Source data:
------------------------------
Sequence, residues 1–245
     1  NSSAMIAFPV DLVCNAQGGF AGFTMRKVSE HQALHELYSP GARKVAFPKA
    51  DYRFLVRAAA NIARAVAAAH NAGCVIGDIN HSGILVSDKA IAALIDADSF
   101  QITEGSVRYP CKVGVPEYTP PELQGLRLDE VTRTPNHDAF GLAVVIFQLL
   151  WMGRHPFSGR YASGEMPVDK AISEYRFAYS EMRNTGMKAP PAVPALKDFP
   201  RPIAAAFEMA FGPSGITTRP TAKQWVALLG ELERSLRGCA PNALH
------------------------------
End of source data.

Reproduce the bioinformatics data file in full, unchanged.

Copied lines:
Sequence, residues 1–245
     1  NSSAMIAFPV DLVCNAQGGF AGFTMRKVSE HQALHELYSP GARKVAFPKA
    51  DYRFLVRAAA NIARAVAAAH NAGCVIGDIN HSGILVSDKA IAALIDADSF
   101  QITEGSVRYP CKVGVPEYTP PELQGLRLDE VTRTPNHDAF GLAVVIFQLL
   151  WMGRHPFSGR YASGEMPVDK AISEYRFAYS EMRNTGMKAP PAVPALKDFP
   201  RPIAAAFEMA FGPSGITTRP TAKQWVALLG ELERSLRGCA PNALH